Safety and upscaling of remote consulting for long-term conditions in primary health care in Nigeria and Tanzania (REaCH trials): stepped-wedge trials of training, mobile data allowance, and implementation

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Abstract

BACKGROUND: In-person health care poses risks to health workers and patients during pandemics. Remote consultations can mitigate these risks. The REaCH intervention comprised training and mobile data allowance provision for mobile phones to support remotely delivered primary care in Africa compared with no training and mobile data allowance. The aim of this study was to estimate the effects of REaCH among adults with non-communicable diseases on remote and face-to-face consultation rates, patient safety, and trustworthiness of consultations. METHODS: In these two independent stepped-wedge cluster randomised controlled trials, we enrolled 20 primary care clusters in each of two settings (Oyo State, Nigeria, and Morogoro Region, Tanzania). Eligible clusters had 100 or more patients with diabetes, hypertension, and cardiovascular or pulmonary disease employing five health workers. Clusters were computer-randomised to one of ten (Nigeria) or one of seven (Tanzania) sequences to receive the REaCH intervention. Only outcome assessors were masked. Primary outcomes were consultation, prescription, and investigation rates, and trustworthiness collected monthly for 12 months (Nigeria) and 9 months (Tanzania) from open cohorts. Ten randomly sampled consulting patients per cluster-month completed patient reported outcome measures. This trial was registered with ISRCTN, ISRCTN17941313. FINDINGS: Overall, 40 clusters comprising 8776 (Nigeria) and 3246 (Tanzania) patients' open cohort data were analysed (6377 [72·7%] of 8776 females in Nigeria, and 2235 [68·9%] of 3246 females in Tanzania). The mean age of the participants was 55·3 years (SD 13·9) in Nigeria and 59·2 years (14·2) in Tanzania. In Nigeria, no evidence of change in face-to-face consulting rate was observed (rate ratio [RR] 1·06, 95% CI 0·98 to 1·09; p=0·16); however, remote consultations increased four-fold (4·44, 1·34 to >10; p=0·01). In Tanzania, face-to-face (0·94, 0·61 to 1·67; p=0·99) and remote consulting rates (1·17, 0·56 to 5·57; p=0·39) were unchanged. There was no evidence of difference in prescribing rates (Nigeria: 1·05, 0·60 to 1·14; p=0·23; Tanzania: 0·92, 0·60 to 1·67; p=0·97), investigation rates (Nigeria: 1·06, 0·23 to 2·12; p=0·49; Tanzania: 1·15, 0·35 to 1·64; 0·58) or trustworthiness scores (Nigeria: mean difference 0·05, 95% CI -0·45 to 0·42; p=0·89; Tanzania: 0·07, -0·15 to 0·76; p=0·70). INTERPRETATION: REaCH can be implemented and could improve intervention versus control health-care access. Remote consultations appear safe and trustworthy, supporting universal health coverage. FUNDING: The UK Research and Innovation Collective Fund. TRANSLATIONS: For the Swahili and Yoruba translations of the abstract see Supplementary Materials section.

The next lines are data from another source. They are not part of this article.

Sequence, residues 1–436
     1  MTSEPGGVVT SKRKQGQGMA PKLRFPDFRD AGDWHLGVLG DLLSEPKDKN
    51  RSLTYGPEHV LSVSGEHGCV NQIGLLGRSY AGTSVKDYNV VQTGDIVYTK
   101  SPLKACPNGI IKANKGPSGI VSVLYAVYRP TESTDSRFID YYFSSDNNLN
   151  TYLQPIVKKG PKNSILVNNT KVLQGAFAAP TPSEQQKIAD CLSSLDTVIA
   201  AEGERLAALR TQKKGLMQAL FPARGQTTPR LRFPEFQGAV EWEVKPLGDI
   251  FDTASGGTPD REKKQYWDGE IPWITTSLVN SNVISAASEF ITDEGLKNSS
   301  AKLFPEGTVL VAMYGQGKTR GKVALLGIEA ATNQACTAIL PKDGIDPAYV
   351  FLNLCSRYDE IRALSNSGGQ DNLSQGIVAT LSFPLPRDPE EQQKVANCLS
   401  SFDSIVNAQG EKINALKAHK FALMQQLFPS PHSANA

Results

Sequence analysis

Original languageEnglish
Pages (from-to)e1753-e1764
JournalThe Lancet Global Health
Volume11
Issue number11
DOIs
Publication statusPublished - 1 Nov 2023

Keywords

  • remote consulting
  • LMIC
  • Primary care
  • Telemedicine
  • Workforce development
  • Universal health coverage

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